Sarah Steyaert and Aude Compan (FRA), Tamara Echegoyen and Berta Betanzos (ESP) and Martine Grael and Kahena Kunze (BRA) are tied on seven points from third to fifth.
Men’s and Women’s RS:X
It’s a British 1-2 in the Men’s RS:X and Women’s RS:X. Nick Dempsey and Tom Squires are locked on three points apiece in the men’s whilst Isobel Hamilton leads Bryony Shaw by a single point in the women’s.
From three races Dempsey and Squires took a race victory each with the third place Mattia Camboni (ITA) taking the other.
“We had nice racing, very close, ” exclaimed Dempsey. “Tom and I are quicker than the fleet. Our training’s gone really well and we’re starting to sail well. It’s nice and quite good fun racing.”
The pair train together on a daily basis which has helped them in the build-up to the regatta as Dempsey explained, “It’s nice having a competitive training partner. When we train we know we’re training against one of the fastest people in the world.
“You never have to compensate. If you’re beating Tom then you know you’re going fast. That is what we’ve always missed having with our training partners so it’s brilliant news.”
“It’s nice and quite good fun racing Tom.”
In the Women’s RS:X, Hamilton enjoyed a solid day on the water, staying at the front of the pack notching up a 6-2-2 scoreline. “It was definitely my best first day at a World Cup so far, ” said the smiling Hamilton, “I would love to be able to hold on to first for the whole week.
“It was really good racing and it’s really nice to be racing at home. Weymouth is a fantastic venue and it’s really great to be back here.”
Shaw is a point off of Hamitlon after her 4-1-4 with London 2012 Olympic silver medallist Tuuli Petaja-Siren third overall. The day’s race wins went to Joanna Sterling (AUS), Shaw and Ingrid Puusta (EST).
Andrew Murdoch (NZL) opened his Weymouth and Portland account with a strong display in the Finn, notching up a 3-2 to lead the 24-boat fleet.
Murdoch, a 2012 OIympian in the Laser, used his experience to full effect at the front of the fleet. He has opened up a four point lead over Jonathan Lobert (FRA).
Giles Scott (GBR) took the opening race victory of the day and followed it up with a 12th. He is third overall. The remaining race victory went the way of Josh Junior (NZL) who is sixth overall but just three points off the third placed Scott.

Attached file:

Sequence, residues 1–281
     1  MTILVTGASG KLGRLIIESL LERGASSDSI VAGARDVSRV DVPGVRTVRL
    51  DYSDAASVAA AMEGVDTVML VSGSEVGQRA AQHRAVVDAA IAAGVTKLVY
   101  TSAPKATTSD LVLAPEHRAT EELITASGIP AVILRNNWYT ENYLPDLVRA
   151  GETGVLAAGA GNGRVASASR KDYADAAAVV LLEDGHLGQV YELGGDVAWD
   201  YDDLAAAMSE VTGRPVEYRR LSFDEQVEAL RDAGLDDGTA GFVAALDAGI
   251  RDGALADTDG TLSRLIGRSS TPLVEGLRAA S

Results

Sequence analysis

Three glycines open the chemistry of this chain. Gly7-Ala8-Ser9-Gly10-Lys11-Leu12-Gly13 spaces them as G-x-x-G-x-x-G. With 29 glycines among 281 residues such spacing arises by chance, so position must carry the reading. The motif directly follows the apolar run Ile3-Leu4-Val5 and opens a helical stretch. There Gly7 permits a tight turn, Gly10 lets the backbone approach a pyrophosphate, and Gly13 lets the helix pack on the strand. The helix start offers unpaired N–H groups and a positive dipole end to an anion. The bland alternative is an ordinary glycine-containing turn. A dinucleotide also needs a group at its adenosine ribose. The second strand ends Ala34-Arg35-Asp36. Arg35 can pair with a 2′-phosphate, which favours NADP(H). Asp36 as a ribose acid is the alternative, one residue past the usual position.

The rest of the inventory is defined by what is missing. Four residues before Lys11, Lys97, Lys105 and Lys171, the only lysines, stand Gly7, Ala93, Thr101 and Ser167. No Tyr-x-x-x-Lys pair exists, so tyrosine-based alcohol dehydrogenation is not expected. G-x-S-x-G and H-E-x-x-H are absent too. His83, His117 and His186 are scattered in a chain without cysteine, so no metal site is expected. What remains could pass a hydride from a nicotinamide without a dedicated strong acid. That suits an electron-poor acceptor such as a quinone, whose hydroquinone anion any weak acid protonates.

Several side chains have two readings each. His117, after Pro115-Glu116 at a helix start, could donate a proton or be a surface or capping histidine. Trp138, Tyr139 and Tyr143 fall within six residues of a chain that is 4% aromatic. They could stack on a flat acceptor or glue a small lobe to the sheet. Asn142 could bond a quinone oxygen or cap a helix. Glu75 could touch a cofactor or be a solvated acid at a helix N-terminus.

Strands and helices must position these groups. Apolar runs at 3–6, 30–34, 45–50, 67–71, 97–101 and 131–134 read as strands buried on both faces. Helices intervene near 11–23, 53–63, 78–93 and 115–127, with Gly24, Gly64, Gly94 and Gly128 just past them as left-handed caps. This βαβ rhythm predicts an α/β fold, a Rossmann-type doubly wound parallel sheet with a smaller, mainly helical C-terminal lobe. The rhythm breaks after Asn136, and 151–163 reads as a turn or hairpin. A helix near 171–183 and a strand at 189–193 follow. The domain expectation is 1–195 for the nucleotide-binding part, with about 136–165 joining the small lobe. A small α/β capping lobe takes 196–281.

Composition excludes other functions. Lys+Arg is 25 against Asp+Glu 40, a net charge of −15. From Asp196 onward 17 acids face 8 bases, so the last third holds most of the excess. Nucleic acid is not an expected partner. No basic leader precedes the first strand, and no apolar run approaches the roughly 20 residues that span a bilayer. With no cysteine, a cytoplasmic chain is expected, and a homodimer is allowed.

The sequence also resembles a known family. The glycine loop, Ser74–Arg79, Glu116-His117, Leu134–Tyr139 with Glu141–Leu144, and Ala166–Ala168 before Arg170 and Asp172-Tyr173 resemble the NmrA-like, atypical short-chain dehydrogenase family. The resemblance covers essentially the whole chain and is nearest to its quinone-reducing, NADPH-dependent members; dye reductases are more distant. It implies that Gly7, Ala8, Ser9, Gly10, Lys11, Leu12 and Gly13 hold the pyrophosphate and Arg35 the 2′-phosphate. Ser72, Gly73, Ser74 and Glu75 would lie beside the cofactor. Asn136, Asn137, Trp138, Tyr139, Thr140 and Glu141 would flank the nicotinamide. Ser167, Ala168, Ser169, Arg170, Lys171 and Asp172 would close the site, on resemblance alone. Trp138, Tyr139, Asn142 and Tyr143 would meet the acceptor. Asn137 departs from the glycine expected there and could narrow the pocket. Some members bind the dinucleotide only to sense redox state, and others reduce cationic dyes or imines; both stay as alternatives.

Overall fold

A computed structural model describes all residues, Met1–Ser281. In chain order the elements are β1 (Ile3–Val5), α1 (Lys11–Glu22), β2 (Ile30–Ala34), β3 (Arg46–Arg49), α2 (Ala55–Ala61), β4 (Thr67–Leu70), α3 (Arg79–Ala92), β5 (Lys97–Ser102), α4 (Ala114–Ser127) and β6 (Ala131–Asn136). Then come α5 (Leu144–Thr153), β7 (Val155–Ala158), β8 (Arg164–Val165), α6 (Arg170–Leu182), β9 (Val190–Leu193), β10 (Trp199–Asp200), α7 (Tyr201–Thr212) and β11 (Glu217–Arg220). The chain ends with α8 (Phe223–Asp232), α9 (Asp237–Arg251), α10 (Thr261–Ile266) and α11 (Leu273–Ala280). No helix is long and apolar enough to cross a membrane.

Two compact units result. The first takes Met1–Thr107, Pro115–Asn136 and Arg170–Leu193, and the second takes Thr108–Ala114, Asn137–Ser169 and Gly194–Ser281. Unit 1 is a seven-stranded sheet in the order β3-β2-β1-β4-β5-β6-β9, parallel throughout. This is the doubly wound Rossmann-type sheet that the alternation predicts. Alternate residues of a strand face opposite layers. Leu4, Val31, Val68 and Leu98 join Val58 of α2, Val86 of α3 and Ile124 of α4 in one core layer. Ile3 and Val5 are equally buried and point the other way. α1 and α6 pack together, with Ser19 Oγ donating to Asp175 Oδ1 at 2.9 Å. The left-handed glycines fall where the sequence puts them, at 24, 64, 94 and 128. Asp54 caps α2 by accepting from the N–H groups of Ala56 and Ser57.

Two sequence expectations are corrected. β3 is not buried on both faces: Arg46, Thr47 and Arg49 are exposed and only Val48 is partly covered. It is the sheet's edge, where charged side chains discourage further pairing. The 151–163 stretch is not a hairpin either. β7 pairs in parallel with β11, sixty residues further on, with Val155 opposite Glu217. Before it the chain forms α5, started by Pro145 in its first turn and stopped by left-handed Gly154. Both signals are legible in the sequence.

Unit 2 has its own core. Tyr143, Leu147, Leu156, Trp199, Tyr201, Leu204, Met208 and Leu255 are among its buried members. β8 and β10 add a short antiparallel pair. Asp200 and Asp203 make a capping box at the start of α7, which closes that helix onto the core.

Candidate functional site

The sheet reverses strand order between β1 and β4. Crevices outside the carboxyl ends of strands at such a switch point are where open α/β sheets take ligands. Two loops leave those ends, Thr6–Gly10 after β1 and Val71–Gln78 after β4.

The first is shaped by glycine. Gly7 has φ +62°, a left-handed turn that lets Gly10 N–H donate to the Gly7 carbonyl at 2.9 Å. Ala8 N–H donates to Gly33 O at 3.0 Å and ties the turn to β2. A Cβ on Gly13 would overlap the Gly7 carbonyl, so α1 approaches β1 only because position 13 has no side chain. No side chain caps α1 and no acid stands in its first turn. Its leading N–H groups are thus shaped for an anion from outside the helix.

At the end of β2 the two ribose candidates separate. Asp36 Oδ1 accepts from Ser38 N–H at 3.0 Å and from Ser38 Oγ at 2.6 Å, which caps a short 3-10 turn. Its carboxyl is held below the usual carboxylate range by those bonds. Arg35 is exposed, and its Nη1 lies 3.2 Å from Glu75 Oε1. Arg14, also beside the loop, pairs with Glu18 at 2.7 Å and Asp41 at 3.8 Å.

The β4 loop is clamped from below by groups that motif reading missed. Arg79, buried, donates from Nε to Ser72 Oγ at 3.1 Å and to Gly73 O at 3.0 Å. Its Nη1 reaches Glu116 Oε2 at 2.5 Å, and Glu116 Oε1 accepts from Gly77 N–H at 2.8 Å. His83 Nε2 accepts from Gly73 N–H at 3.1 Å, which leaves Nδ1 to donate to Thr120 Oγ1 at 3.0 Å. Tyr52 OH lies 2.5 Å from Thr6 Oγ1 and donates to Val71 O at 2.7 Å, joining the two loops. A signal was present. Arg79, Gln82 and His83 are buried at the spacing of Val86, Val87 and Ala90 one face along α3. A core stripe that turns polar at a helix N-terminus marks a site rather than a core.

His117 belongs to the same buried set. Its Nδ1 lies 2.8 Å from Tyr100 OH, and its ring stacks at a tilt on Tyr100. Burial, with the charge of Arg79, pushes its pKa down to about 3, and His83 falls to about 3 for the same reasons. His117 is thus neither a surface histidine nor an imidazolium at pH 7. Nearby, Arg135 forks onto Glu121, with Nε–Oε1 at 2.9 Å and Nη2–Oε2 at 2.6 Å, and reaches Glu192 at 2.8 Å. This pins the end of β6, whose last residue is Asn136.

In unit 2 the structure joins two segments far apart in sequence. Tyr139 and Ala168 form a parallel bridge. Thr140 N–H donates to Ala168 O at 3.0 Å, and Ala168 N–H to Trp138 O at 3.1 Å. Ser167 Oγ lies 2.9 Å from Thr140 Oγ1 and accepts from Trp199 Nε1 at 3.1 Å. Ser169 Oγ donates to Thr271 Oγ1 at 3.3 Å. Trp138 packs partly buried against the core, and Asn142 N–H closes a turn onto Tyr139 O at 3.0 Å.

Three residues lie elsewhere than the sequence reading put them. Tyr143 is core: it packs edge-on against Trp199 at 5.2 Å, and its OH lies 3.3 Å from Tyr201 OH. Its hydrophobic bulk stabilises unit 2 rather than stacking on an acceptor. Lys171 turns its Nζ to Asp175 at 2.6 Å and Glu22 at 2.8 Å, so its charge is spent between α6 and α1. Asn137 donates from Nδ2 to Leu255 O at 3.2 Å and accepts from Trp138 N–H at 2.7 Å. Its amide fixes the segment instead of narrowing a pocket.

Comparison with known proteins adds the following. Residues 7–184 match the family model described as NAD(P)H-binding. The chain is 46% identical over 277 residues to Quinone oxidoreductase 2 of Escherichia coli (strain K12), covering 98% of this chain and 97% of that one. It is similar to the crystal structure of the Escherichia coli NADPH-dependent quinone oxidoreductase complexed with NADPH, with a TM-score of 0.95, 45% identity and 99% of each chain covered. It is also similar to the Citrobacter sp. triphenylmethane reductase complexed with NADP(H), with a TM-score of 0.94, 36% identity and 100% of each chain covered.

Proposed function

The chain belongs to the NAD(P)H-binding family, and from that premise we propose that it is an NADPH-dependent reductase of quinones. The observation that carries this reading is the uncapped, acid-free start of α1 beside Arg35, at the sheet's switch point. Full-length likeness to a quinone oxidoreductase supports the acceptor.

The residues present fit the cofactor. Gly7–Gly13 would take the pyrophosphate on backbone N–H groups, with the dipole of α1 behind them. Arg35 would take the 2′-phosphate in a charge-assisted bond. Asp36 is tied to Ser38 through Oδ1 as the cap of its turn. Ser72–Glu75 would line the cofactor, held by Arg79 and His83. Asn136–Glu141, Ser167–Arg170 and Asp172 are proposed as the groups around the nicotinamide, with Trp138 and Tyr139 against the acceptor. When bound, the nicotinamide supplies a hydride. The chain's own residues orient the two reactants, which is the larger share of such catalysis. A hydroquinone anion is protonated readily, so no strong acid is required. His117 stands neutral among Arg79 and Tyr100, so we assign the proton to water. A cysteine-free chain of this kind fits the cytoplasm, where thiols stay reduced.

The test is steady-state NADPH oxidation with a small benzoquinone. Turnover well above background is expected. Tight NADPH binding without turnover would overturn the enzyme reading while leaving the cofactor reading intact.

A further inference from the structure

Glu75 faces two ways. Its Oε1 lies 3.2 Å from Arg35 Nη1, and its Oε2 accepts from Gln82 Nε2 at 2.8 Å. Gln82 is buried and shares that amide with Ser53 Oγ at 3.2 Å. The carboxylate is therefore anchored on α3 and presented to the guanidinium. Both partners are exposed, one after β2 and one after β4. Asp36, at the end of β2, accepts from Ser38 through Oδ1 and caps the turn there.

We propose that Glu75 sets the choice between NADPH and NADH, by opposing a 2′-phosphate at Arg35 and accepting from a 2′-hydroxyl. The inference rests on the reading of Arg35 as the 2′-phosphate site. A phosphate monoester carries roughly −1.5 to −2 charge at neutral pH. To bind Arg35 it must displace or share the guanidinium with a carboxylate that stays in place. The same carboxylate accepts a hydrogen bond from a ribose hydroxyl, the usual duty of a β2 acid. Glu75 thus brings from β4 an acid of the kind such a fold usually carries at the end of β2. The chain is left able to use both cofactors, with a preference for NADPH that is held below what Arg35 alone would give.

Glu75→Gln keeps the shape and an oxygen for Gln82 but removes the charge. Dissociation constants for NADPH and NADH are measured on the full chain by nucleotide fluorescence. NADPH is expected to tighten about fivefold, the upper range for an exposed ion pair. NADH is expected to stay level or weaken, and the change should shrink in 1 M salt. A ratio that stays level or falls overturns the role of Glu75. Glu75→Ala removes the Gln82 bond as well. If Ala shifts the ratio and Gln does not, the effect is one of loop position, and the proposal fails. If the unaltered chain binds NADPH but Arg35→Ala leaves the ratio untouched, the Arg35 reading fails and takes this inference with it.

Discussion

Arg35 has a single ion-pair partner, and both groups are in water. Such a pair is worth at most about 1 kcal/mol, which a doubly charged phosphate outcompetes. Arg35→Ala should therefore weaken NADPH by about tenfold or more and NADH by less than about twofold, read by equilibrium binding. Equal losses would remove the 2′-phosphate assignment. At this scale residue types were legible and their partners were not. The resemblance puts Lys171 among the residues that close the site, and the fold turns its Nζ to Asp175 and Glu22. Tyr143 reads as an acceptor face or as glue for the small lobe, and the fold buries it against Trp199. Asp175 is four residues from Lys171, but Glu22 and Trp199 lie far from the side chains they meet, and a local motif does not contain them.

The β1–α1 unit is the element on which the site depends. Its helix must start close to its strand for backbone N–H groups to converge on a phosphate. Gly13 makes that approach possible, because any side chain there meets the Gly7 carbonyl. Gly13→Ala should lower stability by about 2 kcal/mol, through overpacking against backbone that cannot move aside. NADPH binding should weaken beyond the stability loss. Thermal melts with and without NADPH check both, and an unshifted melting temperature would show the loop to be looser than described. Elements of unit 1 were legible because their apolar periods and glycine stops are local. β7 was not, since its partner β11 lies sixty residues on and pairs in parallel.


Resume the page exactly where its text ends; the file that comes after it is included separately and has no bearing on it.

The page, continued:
Men’s and Women’s 470
It’s like London 2012 repeated in the Women’s 470 with the gold and silver medallists occupying the spots they claimed three years ago.
Gold medallists Jo Aleh and Polly Powrie (NZL) dominated the day by taking both bullets whilst silver Hannah Mills and Saskia Clark (GBR) were forced to look at the back of the Kiwi boat in both races as they settled for two seconds.
Tina Mrak and Veronika Macarol (SLO) sit in third after the opening two races following a 4-3.
In the Men’s 470, Stu McNay and David Hughes (USA) have a tasty six point lead over World #1 Panagiotis Mantis and Pavlos Kagialis (GRE). A fourth and a second gives them the lead at the early stage but with their experience, they won’t be getting carried away.
Victories on the day went to the Greeks and Ferdinand Gerz and Oliver Szymanski (GER) who are sixth overall.
As of 19:20 local time Thomas Zajac and Tanja Frank (AUT) lead the way in the Nacra 17. However, many of the competitors sailed the wrong course in Race 1 with Race Committee protests and vice versa. A handful of protests remain open that may result in further amendments.
As it stands the Austrians top the pile on four points followed by Matias Buhler and Nathalie Brugger (SUI) and Jason Waterhouse and Lisa Darmanin (AUS).
London 2012 Paralympic gold medallist Helena Lucas (GBR) began her World Cup campaign with intent. Double bullets give her a two point lead over Antonio Squizzato (ITA) who finished directly behind the Briton in both of the days races.
Malaysia’s Al Mustakim Matrin sits in third overall.
In the SKUD18, Marco Gualandris and Marta Zanetti (ITA) and Alexandra Rickham and Niki Birrell (GBR) are level on three points.
The Italian and British teams shared the top two places on the day, taking a bullet and a second apiece.
Will Street and Megan Pascoe (GBR) are third overall.
It is tight at the top in the Sonar with four crews locked on five points.
Norway’s Aleksander Wang-Hansen, Marie Solberg and Per Eugen Kristiansen took the opening bullet of the day and followed it up by a fourth.
John Robertson, Hannah Stodel and Steve Thomas (GBR) took the second bullet of the day but like the Norwegians also count a fourth.
Colin Harrison, Jonathan Harris and Russell Boaden (AUS) and John Twomey, Austrin O’Carroll and Ian Costelloe (IRL) notched up a second and a third each and are also tied with the Norwegian and Irish crews.
Racing resumes at 11:00 local time on Thursday 11 July with some great race action on the cards.